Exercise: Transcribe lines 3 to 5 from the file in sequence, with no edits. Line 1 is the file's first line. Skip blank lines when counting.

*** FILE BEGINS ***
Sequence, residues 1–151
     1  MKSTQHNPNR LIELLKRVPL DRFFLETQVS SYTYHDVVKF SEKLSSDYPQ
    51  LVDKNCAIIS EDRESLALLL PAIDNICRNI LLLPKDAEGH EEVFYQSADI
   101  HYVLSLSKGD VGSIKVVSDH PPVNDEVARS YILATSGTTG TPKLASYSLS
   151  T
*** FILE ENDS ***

    51  LVDKNCAIIS EDRESLALLL PAIDNICRNI LLLPKDAEGH EEVFYQSADI
   101  HYVLSLSKGD VGSIKVVSDH PPVNDEVARS YILATSGTTG TPKLASYSLS
   151  T